Describe a typical working day…
8.30am – I like to start the day by leaving the house and working in a cafe as I find it’s nice to start the day by going for a walk, and makes a mental separation between home and work. Here I do computer work which can be: replying to commission enquiries, answering emails from kids doing their GCSEs and A-Levels and wanting advice, planning exhibitions, editing my website, and more recently I have been editing a book of my drawings of Venice.
10am – I get back to my studio at home and sign and send out any limited edition prints which have been ordered the night before and take them to the post office.
10.30am – Start drawing in my studio at home with some podcasts on in the background.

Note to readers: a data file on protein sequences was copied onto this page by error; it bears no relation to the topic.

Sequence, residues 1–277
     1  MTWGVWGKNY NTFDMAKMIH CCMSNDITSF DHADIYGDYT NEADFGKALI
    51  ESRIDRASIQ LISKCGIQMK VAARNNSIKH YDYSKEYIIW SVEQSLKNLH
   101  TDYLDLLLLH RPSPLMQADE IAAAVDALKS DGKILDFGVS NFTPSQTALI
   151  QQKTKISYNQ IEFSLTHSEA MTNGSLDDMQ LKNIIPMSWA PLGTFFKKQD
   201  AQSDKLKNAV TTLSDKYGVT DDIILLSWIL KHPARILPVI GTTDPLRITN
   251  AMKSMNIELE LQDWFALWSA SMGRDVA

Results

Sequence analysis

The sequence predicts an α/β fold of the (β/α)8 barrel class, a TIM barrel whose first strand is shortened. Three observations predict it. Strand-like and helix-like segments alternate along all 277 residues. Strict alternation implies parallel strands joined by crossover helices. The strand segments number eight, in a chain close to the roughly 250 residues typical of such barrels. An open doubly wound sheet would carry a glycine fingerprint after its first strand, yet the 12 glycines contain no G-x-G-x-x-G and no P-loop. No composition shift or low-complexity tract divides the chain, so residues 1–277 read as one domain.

1pm – Lunch. I always try and get out for a walk at lunchtime
2pm – I continue drawing in the afternoon and make sure to take a photo of my work in progress towards to the end of the day and then I share it on Instagram. Social media has been a really exciting part of my work from the beginning because when I started my career as an artist I shared all my drawing process on Instagram which was a great encouragement to me starting out, and now I have around 55,000 followers.
6pm – I like to end the day by going to a yoga class as I find it’s a great way to relax and unwind from work and also is physically really good for my posture as I spend most of the day hunched over a drawing board.
What is the most rewarding part of your job?
At university I absolutely loved model making and rather than doing my drawings on the computer I did all my plans and elevations by hand. I think this is when I first realised that what I find most rewarding is having the physical manifestation of my hard work in front of me at the end of the day.